Republicans battle to keep slim edge in Senate

Democrats faring better in some GOP strongholds

Election 2004

October 31, 2004|By Robert Little | Robert Little,SUN NATIONAL STAFF

DENVER - Elisabeth Kinnard came to Denver's early-bird polling place last week to buck the Republican-leaning trend in Colorado, as did the man before her in line and the woman before him. They all cast votes in favor of Democrat Ken Salazar for the U.S. Senate - a streak that certainly reached four straight votes, considering the candidate was next in line, surrounded by a bubble of television cameras.

"I've had enough of the Republicans," said Kinnard, a 56-year-old registered independent, as she fought through the crowd gathered to watch Salazar duck behind the red curtain and vote. "I feel less safe, less secure now than at any time I can remember."

By voting for a Democrat to fill a seat left open by a Republican, Kinnard and thousands of other like-minded voters in Colorado have thrown into question the control of the Senate, where the Republicans are clinging to a precarious one-vote majority.

Although most polls suggest that Democrats have only a slim chance of seizing control, voters in such conservative strongholds as Kentucky, Alaska and Oklahoma have shown signs of rebelling against the GOP.

Leaders from both parties have fanned out across the country for close races in the election's closing days, trying to impress upon voters the decisive impact that control of the upper chamber can have on such issues as national security, the minimum wage, judicial appointments and the federal budget.

"We lost the reform of class action lawsuits on the floor of the Senate this year by one vote," Senate Majority Leader Bill Frist of Tennessee said during a stump speech last week in Colorado, where Republican Pete Coors trails in most polls but is waging a close race against Salazar, the state's attorney general. Frist paused a moment to let the thought linger. "One vote. That's what this campaign is about, and that's why this is a historic moment for the future of our country. One vote can make the difference for our future."

Republicans hold 51 Senate seats, Democrats have 48, and there is one independent, Vermont Sen. James M. Jeffords, who usually votes with the Democrats.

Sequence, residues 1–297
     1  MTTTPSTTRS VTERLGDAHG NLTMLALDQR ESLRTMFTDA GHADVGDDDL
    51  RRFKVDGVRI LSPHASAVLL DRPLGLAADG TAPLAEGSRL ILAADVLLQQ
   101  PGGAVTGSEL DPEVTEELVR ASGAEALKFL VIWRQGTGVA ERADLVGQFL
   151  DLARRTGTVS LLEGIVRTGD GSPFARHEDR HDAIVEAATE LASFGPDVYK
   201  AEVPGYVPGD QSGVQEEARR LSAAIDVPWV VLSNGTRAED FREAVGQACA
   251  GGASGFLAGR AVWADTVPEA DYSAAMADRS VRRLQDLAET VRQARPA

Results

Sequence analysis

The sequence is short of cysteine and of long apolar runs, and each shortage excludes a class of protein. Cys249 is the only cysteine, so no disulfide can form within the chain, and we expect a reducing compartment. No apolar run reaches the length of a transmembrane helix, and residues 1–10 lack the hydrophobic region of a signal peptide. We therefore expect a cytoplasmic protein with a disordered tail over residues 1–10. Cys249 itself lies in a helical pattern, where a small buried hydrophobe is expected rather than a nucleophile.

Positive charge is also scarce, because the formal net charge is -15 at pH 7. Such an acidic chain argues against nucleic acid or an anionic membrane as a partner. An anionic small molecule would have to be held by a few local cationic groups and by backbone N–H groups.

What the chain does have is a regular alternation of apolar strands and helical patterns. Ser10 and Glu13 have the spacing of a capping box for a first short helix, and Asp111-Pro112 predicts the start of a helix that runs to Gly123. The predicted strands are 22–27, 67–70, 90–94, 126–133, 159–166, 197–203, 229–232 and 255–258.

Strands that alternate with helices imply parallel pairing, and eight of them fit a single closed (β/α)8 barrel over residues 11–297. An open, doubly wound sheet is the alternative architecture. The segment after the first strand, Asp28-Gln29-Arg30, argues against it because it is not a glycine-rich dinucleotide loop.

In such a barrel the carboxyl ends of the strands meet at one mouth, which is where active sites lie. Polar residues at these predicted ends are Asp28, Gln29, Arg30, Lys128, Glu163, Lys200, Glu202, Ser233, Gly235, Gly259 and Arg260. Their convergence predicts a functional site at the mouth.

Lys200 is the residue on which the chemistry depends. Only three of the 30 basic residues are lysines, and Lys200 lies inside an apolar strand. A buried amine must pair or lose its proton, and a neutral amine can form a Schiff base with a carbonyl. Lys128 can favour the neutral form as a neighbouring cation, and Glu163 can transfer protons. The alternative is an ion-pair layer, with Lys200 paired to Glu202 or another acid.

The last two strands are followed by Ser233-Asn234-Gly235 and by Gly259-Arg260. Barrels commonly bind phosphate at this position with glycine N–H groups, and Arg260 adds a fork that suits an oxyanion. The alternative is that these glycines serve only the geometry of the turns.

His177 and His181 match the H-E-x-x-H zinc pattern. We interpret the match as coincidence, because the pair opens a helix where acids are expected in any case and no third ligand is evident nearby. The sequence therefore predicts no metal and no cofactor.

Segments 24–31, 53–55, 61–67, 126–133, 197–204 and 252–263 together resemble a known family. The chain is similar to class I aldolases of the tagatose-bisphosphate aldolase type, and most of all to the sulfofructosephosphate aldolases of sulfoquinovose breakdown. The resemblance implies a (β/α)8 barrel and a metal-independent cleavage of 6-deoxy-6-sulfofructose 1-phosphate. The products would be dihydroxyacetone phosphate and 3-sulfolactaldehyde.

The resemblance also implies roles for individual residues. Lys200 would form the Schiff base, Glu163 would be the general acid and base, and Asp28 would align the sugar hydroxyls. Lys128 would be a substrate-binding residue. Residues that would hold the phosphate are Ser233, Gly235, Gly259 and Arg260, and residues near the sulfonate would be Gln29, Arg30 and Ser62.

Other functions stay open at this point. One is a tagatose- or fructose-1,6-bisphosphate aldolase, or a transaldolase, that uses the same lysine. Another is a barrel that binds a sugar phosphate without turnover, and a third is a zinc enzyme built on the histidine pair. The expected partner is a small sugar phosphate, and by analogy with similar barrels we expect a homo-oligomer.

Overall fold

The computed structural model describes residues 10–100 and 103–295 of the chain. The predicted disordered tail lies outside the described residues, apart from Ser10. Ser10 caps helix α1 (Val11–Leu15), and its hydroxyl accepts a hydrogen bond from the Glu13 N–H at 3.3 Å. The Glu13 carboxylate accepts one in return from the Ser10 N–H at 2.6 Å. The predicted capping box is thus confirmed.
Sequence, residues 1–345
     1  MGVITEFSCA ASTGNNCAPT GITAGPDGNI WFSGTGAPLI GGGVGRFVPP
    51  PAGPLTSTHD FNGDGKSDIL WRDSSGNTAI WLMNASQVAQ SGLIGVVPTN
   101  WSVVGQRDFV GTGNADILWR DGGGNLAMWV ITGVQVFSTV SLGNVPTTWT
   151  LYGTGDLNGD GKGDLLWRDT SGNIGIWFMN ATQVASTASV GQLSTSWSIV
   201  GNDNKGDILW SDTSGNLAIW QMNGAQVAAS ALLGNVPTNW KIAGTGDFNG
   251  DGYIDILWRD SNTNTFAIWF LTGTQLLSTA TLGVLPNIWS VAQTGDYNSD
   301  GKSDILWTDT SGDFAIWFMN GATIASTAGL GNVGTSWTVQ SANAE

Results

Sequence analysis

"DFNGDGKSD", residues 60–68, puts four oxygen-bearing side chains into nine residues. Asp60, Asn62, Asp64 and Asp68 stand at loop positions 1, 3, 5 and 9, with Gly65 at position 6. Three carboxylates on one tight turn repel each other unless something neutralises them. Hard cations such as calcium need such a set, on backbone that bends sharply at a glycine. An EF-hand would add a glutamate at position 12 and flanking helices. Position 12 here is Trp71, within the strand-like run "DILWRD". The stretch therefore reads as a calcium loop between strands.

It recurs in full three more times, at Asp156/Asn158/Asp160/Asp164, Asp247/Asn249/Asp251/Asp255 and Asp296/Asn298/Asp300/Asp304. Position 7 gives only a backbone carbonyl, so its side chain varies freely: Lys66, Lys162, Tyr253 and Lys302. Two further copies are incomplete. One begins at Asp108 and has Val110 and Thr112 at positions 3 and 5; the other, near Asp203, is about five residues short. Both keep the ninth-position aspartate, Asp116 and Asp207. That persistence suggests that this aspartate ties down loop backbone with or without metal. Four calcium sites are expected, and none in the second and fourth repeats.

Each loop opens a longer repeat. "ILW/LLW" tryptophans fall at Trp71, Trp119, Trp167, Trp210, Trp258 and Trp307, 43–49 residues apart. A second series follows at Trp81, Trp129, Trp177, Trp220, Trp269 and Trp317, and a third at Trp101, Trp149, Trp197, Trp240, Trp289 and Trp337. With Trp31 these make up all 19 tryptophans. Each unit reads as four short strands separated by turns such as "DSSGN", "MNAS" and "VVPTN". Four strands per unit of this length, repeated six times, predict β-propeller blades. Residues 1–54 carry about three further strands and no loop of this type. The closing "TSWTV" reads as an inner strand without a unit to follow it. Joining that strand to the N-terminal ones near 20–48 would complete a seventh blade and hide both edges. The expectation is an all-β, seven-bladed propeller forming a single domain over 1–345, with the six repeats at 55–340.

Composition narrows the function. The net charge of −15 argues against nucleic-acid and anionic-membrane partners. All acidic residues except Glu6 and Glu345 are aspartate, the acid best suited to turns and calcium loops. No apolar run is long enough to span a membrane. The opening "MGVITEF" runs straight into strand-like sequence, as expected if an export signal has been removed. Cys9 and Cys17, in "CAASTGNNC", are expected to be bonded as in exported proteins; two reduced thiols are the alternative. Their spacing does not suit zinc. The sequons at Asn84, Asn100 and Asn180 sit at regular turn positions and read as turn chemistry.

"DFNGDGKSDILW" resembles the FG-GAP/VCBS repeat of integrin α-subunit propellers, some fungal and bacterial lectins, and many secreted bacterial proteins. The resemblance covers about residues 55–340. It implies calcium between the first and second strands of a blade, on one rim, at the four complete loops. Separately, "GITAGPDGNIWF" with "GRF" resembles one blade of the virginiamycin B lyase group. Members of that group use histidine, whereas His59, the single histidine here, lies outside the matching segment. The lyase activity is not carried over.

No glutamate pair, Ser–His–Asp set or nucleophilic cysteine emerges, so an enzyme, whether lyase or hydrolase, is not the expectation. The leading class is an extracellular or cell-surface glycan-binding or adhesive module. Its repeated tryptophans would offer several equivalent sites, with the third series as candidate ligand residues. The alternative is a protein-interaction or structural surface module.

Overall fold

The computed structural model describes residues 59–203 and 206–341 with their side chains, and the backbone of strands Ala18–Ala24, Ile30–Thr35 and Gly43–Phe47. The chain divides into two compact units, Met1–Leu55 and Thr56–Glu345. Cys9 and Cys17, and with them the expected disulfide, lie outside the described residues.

With a 19-seat advantage in the House, Republicans are expected to maintain control of that chamber.

A tip in the one-seat advantage that Republicans enjoy in the Senate could be the difference between success and failure for the next president, Frist said.

"Who is going to be majority leader? Or chairman of the Appropriations Committee? Who would you rather have as chairman of the Committee on Health, Education, Labor and Pensions? Judd Gregg or Ted Kennedy? Or who is going to lead the Judiciary Committee when it considers judicial nominations? Arlen Specter or Pat Leahy?

"These are the kinds of questions I hope the American people are asking themselves," Frist said. "The direction of the country is at stake."

Thirty-four of the Senate's 100 seats are up for election this year, but polls indicate that most of them - including Maryland Sen. Barbara A. Mikulski's - are unlikely to change hands. Polls also suggest that the GOP will almost certainly lose a seat in Illinois, where Democrat Barack Obama holds a huge lead over Republican Alan L. Keyes, and that it will compensate by gaining a seat in Georgia, where Republican Johnny Isakson is leading in a bid to replace retiring Democrat Zell Miller.

But that leaves eight reasonably close races - in Kentucky, North Carolina, South Carolina, Florida, Oklahoma, South Dakota, Colorado and Alaska. Four of those seats are held by Democrats, and polls show that Republicans in two of those races - in North Carolina, for a seat vacated by Democratic vice presidential candidate John Edwards, and in South Carolina - have slight leads.

Losing either race would all but extinguish the Democrats' slim hopes of gaining the two seats necessary for a majority. And the close race in South Dakota, where Senate Minority Leader Tom Daschle is facing a spirited challenge, has inspired the Republicans further.

But Republican troubles in states long considered safe for the GOP have nonetheless thrown the Senate's post-election balance into doubt.

Gaffes and accusations

One example is Kentucky, where Republican Sen. Jim Bunning has bumbled into a close race with challenger Daniel Mongiardo with a succession of public gaffes, such as the time he called his opponent a look-alike for Saddam Hussein's son.

Bunning recently pleaded ignorance in response to questions about a much-publicized incident in which soldiers refused an assignment in Iraq, telling reporters that he does not read newspapers or watch television news.

And Mongiardo's staff tagged Bunning as a cheater for using a TelePrompTer during a candidate debate, which he would only participate in by television feed.

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